[This story first appeared in the Spring 2018 Diocesan Messenger.]
I had the remarkable opportunity to visit Vida Joven in Tijuana last fall. Vida Joven literally means ‘young life’ and serves children who have been abandoned or have no family able to care for them. When we visited, there were nearly 30 children, many under age 10, as well as a handful of young teenaged girls.
This ministry was begun by California Episcopalians many years ago, to care for the children whose incarcerated parents often took them along when they went into prison. Today Mexican laws have changed, and children are no longer permitted in jail. Their need for care is no less urgent, and the ministry has expanded to serve a variety of children and adolescent girls. Vida Joven is supported by the work of two boards—one in the US, which does much of the fundraising, and one in Mexico, which oversees the day-to-day life of the children.
During our visit, we saw happy children, delighted to have friends visit to read, play games, celebrate birthdays, and teach new skills. The women who care for these children day and night, year after year, are akin to foster mothers, offering love and reassurance to children who have seen far too much violence and neglect in their short lives. Since the ministry began, several children have now graduated from high school or college and are finding fulfilling work and lives as adults. Many more could be served, were the funds available.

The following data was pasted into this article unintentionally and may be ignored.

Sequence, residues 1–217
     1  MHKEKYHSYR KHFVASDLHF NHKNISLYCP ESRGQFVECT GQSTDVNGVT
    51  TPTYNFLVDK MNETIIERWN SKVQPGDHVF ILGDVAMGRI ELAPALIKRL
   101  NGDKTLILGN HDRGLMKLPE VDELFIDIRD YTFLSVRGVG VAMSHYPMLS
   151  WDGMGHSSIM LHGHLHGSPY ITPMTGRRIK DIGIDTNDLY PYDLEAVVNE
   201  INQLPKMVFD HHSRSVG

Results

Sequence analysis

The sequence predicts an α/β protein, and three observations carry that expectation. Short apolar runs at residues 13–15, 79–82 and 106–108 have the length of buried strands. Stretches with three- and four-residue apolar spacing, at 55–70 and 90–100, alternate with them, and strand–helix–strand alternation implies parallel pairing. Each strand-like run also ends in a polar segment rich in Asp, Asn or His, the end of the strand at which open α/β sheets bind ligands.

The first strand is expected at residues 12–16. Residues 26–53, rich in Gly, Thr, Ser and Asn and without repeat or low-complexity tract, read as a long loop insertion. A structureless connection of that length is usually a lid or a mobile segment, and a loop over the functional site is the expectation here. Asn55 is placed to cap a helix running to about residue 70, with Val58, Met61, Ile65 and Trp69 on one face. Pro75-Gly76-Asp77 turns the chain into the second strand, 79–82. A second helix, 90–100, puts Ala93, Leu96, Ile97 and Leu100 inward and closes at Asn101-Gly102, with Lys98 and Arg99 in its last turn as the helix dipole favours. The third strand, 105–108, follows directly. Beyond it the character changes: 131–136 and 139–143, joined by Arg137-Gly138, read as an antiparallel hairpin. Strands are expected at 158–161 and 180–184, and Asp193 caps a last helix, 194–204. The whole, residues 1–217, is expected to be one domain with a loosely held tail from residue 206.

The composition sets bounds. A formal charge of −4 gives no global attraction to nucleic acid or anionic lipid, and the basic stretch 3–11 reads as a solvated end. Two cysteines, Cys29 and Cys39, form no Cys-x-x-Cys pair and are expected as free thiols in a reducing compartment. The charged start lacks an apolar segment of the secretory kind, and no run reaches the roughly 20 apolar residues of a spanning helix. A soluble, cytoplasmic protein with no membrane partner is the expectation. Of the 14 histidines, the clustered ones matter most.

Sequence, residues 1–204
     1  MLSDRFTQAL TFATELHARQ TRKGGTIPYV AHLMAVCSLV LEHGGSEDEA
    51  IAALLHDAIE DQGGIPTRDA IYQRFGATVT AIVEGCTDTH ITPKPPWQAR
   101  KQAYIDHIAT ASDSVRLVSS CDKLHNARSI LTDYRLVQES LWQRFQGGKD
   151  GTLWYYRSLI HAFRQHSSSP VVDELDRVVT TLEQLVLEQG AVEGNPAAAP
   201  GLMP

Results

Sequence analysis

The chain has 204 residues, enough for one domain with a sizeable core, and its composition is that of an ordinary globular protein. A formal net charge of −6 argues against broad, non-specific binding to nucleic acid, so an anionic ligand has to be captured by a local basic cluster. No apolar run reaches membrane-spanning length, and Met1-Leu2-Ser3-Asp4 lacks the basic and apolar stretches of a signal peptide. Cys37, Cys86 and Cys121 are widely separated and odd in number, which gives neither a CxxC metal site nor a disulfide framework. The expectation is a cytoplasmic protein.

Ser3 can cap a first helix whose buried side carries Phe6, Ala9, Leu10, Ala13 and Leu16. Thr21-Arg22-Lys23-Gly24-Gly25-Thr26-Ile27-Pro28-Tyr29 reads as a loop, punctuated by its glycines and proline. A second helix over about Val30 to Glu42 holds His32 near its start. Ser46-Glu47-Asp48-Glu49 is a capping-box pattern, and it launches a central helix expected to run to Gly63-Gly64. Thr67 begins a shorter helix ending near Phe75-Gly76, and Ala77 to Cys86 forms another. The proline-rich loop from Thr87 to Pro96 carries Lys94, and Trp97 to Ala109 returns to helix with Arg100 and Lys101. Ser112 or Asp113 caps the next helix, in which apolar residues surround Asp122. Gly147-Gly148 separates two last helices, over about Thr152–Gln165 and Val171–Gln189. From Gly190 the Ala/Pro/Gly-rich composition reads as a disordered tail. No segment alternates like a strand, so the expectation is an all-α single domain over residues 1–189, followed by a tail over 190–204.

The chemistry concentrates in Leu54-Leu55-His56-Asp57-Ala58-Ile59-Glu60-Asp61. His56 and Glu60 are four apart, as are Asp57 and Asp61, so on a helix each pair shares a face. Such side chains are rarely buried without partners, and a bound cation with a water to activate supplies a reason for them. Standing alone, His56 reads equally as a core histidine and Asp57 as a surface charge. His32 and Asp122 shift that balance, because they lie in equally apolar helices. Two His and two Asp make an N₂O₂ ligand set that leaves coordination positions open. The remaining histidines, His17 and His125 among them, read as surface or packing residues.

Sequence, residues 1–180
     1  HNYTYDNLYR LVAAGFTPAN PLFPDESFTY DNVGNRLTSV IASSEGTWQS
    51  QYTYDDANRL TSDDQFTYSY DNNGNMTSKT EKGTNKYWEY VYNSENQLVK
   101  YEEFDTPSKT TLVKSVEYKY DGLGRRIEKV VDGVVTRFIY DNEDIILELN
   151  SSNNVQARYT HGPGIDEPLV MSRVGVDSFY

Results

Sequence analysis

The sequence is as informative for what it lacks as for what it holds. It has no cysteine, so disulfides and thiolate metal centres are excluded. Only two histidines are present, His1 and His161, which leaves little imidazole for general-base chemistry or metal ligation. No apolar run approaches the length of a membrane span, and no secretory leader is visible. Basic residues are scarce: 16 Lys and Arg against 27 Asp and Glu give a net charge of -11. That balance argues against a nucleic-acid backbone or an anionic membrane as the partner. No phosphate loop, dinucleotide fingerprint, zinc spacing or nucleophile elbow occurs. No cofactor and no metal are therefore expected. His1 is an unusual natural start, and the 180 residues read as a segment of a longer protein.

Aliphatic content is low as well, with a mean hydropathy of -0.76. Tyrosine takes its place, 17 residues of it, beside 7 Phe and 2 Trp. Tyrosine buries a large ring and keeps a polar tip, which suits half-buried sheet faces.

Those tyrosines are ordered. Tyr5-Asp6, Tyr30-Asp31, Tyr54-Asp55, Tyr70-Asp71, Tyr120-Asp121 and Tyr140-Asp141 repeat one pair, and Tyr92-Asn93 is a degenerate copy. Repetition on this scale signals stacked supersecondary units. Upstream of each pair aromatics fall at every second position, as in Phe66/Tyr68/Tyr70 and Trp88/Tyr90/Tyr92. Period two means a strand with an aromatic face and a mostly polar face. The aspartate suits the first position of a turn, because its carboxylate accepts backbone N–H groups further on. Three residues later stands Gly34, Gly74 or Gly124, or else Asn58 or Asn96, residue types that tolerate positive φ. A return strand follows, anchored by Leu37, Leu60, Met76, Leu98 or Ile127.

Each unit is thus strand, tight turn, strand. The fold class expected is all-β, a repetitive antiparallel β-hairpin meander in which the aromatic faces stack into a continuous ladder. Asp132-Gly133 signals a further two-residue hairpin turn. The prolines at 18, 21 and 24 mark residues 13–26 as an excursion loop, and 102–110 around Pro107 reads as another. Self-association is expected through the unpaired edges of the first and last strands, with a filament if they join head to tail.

Caring for abandoned or discarded children is the kind of neighbor-love that Jesus called ‘caring for the least of these.’
For more information, to visit, or to contribute funds or leadership: VidaJovenDeMexico.org.
Enjoy the whole Spring Messenger (PDF)
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